Interventions to promote walking: systematic reviewBMJ 2007; 334 doi: https://doi.org/10.1136/bmj.39198.722720.BE (Published 07 June 2007) Cite this as: BMJ 2007;334:1204
- David Ogilvie, MRC fellow1,
- Charles E Foster, senior researcher2,
- Helen Rothnie, research associate3,
- Nick Cavill, research associate2,
- Val Hamilton, research assistant4,
- Claire F Fitzsimons, SPARColl project coordinator3,
- Nanette Mutrie, professor of exercise and sport psychology3
- on behalf of the Scottish Physical Activity Research Collaboration (SPARColl)
- 1Medical Research Council Social and Public Health Sciences Unit, Glasgow G12 8RZ
- 2British Heart Foundation Health Promotion Research Group, University of Oxford, Oxford
- 3Department of Sport, Culture and the Arts, University of Strathclyde, Glasgow
- 4Development and Alumni Office, University of Glasgow, Glasgow
- Correspondence to: D Ogilvie
- Accepted 1 April 2007
Objective To assess the effects of interventions to promote walking in individuals and populations.
Design Systematic review.
Data sources Published and unpublished reports in any language identified by searching 25 electronic databases, by searching websites, reference lists, and existing systematic reviews, and by contacting experts.
Review methods Systematic search for and appraisal of controlled before and after studies of the effects of any type of intervention on how much people walk, the distribution of effects on walking between social groups, and any associated effects on overall physical activity, fitness, risk factors for disease, health, and wellbeing.
Results We included 19 randomised controlled trials and 29 non-randomised controlled studies. Interventions tailored to people's needs, targeted at the most sedentary or at those most motivated to change, and delivered either at the level of the individual (brief advice, supported use of pedometers, telecommunications) or household (individualised marketing) or through groups, can encourage people to walk more, although the sustainability, generalisability, and clinical benefits of many of these approaches are uncertain. Evidence for the effectiveness of interventions applied to workplaces, schools, communities, or areas typically depends on isolated studies or subgroup analysis.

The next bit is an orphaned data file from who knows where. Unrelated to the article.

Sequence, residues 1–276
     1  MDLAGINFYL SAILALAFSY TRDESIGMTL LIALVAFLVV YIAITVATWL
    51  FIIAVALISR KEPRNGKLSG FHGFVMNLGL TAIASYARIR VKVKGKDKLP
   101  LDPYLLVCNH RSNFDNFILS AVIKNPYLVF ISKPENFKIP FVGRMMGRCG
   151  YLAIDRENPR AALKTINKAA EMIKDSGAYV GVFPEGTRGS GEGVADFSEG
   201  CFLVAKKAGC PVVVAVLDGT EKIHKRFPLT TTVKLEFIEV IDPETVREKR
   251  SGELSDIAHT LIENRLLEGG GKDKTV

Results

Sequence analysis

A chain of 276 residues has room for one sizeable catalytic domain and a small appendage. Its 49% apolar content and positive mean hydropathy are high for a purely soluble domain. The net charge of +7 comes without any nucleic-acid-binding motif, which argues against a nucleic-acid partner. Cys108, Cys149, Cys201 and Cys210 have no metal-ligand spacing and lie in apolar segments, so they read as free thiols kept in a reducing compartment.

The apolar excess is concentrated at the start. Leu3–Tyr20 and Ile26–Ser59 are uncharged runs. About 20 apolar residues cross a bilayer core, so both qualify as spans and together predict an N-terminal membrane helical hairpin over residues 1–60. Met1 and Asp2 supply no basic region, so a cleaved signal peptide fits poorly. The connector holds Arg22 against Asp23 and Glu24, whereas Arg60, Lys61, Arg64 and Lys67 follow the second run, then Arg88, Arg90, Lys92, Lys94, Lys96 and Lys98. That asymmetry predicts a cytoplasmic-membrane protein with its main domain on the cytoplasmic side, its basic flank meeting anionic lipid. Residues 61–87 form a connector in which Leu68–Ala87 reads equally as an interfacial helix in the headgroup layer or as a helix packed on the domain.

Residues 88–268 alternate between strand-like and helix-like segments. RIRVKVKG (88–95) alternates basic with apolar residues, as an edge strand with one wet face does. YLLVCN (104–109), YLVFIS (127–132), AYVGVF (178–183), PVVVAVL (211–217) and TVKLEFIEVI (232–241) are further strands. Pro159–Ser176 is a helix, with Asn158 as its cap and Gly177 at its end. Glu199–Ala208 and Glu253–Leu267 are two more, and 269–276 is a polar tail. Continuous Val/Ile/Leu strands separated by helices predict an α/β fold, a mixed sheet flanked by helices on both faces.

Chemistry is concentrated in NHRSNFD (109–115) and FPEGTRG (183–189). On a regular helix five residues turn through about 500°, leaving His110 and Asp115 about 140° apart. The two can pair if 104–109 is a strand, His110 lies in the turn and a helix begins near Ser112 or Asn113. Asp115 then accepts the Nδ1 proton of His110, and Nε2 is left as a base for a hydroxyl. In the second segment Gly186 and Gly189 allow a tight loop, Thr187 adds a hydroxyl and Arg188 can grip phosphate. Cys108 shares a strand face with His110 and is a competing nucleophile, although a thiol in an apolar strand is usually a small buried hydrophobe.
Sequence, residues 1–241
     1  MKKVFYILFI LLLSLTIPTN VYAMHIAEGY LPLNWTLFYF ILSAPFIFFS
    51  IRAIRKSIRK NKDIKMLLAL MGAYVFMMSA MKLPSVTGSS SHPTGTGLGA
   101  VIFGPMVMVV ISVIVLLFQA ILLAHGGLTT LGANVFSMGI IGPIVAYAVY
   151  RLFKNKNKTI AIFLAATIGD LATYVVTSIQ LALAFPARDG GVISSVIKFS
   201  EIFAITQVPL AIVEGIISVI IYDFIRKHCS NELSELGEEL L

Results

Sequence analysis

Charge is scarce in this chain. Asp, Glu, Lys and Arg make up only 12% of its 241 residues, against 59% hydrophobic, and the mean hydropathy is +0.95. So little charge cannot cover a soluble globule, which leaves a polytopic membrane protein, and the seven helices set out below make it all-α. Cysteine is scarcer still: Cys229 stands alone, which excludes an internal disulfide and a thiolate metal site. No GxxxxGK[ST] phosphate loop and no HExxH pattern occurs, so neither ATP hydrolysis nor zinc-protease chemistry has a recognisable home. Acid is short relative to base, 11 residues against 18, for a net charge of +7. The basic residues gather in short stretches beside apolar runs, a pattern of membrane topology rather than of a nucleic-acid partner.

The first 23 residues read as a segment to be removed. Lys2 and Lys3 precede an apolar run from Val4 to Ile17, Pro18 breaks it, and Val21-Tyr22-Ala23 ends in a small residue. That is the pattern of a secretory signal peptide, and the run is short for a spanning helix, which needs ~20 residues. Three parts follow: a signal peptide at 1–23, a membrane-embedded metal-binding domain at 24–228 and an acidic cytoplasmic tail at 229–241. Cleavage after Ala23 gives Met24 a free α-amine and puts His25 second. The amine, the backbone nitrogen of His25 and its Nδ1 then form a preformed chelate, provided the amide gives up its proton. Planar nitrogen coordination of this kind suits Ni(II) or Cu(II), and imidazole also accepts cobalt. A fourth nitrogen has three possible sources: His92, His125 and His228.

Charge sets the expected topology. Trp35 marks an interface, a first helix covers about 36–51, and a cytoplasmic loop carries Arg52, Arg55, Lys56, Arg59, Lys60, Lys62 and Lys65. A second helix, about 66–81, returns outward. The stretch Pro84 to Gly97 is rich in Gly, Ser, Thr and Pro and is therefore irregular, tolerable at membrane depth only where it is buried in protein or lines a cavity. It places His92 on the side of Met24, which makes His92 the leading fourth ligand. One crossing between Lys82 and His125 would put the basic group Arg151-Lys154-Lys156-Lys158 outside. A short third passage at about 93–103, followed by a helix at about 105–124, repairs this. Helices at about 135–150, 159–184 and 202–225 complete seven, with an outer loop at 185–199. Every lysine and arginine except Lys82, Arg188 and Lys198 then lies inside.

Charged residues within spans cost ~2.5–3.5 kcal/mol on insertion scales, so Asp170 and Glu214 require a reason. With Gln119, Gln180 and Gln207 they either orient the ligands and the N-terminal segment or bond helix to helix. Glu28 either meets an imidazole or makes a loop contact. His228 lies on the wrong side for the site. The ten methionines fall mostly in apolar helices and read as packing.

Conclusions The most successful interventions could increase walking among targeted participants by up to 30-60 minutes a week on average, at least in the short term. From a perspective of improving population health, much of the research currently provides evidence of efficacy rather than effectiveness. Nevertheless, interventions to promote walking could contribute substantially towards increasing the activity levels of the most sedentary.
We thank the Centre for Reviews and Dissemination at the University of York for executing parts of our search strategy; authors and experts who contributed information about studies considered for inclusion in the review; and Mark Petticrew for advice and comments on the draft manuscript.
Contributors: DO led the review on behalf of the Scottish Physical Activity Research Collaboration (http://sparcoll.org.uk: NM, Fiona Bull, CEF, Jo Inchley, Myra Nimmo, DO, and Catharine Ward Thompson) and with the support of SPARColl's international reviewers (Adrian Bauman, Billie Giles-Corti, Sally Macintyre, Pekka Oja, and James Sallis) and steering group. VH, DO, CEF, and NM designed the search strategy, parts of which were executed by DO and CEF. VH, HR, DO, and NC screened the initial results of the literature searches. HR, DO, NC, CFF, and CEF appraised and extracted data from primary studies and analysed the findings. DO and HR drafted the manuscript. All authors contributed to the critical revision of the manuscript and approved the final version. DO is guarantor.
Funding: The Scottish Physical Activity Research Collaboration (SPARColl) is managed by NHS Health Scotland and funded by the Scottish Executive Health Department. DO is funded by a Medical Research Council fellowship.
Competing interests: NC sells pedometers in his capacity as a health promotion consultant. NM is an author of three of the primary studies included in the systematic review but played no part in the appraisal of those studies for the review.
Ethical approval: Not required.
- Accepted 1 April 2007